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    Things are about to get really intense. But just for a little while.

    It’s called high-intensity interval training, or HIIT. You vary your pace or how hard you work, pushing your limits, and then drop back down to a more comfortable zone. Then you do it again -- rev it up, recover, and repeat.

    The payoff: You'll torch calories far more than if you kept at a steady rate.

    The catch? “HIIT can be tough, and it requires a lot of effort,” says Mike Young, PhD, owner and founder of Athletic Lab Sports Performance Training Center in Cary, NC.

    You’re up for the challenge. Right?

    How Hard Is It?

    “High intensity means using as much energy as you can during exercise in a small amount of time,” says Laura Miele-Pascoe, PhD, a professor of coaching education for Ohio University online.

    Your cardio blasts should be 30 seconds to 5 minutes, depending on how fit you are. The goal is to get your heart rate up to 80% to 95% of its maximum rate.

    You can make your workout short or long. Either way, you’re going to feel it.

    “You need to train hard enough that the workout is at least moderately uncomfortable,” Young says. “If you're able to hold a conversation during the work periods, you're probably not training hard enough.”

    What It’s Like

    For Katie Dugdale of Hendersonville, NC, HIIT gave her energy that thyroid disease had sapped from her for years.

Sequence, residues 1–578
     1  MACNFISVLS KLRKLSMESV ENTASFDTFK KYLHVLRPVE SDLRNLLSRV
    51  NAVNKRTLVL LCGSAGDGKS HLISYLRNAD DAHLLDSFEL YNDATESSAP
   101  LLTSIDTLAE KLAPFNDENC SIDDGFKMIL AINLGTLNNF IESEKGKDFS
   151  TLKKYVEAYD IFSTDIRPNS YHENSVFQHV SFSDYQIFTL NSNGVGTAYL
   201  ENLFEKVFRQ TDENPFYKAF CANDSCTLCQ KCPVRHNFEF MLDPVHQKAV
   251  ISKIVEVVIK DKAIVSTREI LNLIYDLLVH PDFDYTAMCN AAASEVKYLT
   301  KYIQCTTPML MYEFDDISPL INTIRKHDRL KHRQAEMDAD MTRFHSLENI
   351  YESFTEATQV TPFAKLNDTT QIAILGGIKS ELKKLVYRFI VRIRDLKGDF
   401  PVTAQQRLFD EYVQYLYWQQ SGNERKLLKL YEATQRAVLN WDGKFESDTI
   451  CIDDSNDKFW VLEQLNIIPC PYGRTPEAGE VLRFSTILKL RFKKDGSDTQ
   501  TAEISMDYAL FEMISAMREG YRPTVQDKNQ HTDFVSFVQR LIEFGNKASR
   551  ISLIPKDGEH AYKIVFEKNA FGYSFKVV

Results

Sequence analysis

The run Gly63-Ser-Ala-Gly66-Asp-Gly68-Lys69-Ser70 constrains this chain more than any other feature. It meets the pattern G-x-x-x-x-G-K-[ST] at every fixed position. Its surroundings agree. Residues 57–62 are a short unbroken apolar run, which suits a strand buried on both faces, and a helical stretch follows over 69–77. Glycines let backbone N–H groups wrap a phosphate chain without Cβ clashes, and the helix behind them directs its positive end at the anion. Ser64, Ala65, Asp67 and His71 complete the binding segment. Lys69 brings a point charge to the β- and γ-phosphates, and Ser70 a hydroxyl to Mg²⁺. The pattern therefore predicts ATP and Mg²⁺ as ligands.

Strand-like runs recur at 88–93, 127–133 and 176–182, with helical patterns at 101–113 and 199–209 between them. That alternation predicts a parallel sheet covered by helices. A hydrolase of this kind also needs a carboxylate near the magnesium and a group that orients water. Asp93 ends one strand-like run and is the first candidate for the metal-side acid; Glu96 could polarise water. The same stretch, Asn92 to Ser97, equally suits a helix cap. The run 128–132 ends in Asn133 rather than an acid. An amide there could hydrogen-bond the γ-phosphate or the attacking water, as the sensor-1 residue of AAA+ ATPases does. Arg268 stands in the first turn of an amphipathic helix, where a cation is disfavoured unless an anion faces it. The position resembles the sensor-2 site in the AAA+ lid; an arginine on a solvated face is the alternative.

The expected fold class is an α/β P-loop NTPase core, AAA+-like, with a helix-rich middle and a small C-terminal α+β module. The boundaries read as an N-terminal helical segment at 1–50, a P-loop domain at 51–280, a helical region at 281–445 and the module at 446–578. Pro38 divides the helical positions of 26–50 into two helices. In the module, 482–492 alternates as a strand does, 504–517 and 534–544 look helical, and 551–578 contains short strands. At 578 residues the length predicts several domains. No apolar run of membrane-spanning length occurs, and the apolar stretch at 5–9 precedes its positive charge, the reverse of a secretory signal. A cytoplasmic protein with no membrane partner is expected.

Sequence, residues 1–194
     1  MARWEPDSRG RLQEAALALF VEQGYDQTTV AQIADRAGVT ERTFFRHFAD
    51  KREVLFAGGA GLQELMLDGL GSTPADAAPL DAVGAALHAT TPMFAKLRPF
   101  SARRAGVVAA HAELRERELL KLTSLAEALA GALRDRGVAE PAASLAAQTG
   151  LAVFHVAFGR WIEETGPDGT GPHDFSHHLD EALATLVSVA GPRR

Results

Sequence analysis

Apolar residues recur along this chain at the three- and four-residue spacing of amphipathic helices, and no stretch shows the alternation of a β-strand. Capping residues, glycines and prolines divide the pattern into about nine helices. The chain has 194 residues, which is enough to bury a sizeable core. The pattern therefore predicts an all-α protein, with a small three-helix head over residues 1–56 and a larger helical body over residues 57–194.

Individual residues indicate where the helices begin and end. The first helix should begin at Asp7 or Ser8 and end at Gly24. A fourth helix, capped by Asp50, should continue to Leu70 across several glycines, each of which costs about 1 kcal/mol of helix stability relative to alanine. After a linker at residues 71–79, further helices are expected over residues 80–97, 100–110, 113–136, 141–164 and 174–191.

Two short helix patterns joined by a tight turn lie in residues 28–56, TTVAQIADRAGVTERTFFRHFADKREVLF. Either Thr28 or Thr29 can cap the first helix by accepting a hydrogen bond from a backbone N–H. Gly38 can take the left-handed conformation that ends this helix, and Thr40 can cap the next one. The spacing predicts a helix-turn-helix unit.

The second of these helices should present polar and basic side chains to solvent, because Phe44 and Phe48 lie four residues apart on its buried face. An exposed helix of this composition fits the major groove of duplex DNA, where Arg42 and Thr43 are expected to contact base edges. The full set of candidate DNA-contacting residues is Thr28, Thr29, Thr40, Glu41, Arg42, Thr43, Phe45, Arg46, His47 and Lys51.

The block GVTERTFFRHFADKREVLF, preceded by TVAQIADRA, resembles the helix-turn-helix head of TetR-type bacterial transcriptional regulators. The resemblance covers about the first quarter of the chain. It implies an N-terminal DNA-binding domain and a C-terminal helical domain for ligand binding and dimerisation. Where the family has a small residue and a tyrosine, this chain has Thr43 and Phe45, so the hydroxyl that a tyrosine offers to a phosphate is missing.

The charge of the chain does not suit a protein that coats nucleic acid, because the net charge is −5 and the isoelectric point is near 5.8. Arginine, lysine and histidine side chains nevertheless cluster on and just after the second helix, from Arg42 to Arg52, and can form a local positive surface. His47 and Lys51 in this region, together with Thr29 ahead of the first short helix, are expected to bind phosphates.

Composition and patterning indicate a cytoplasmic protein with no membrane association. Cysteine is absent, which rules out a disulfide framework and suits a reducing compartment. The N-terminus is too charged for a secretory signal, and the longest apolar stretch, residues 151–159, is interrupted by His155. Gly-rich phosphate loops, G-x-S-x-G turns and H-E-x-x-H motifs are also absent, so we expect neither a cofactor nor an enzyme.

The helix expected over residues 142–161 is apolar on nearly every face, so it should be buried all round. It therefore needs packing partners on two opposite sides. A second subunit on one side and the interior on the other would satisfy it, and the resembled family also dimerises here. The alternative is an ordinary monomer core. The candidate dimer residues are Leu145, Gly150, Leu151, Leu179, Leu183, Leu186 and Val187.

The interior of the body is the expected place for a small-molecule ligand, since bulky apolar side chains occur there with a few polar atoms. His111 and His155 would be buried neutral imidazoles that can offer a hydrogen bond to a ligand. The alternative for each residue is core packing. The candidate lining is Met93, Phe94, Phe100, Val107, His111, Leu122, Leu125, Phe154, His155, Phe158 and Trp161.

“I’ve never been a morning person,” she says. “But about a year after I started, I realized... I was ready to get up and get moving every day.”

    Dugdale also started to lose the 50 pounds she’d gained during her four pregnancies. Her results inspired her husband, a runner.

    “When he noticed the changes in me, he started incorporating some of the intense training exercises into his workouts,” Dugdale says. “Pretty quickly, he dropped 40 pounds, and the struggles he’d been having with his sciatic nerve disappeared.”

    How to Push Yourself

    “This type of exercise isn’t for everyone,” Miele-Pascoe says. For example, it’s not for you if you have heart problems, she says. Ask your doctor first if you’re not active now.

    Heart Rate Calculator

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    Heart Rate Calculator

    Ensure you're exercising hard enough to get a good workout, but not strain your heart.

    While you are exercising, you should count between...

    -
    Beats
    PER
    Seconds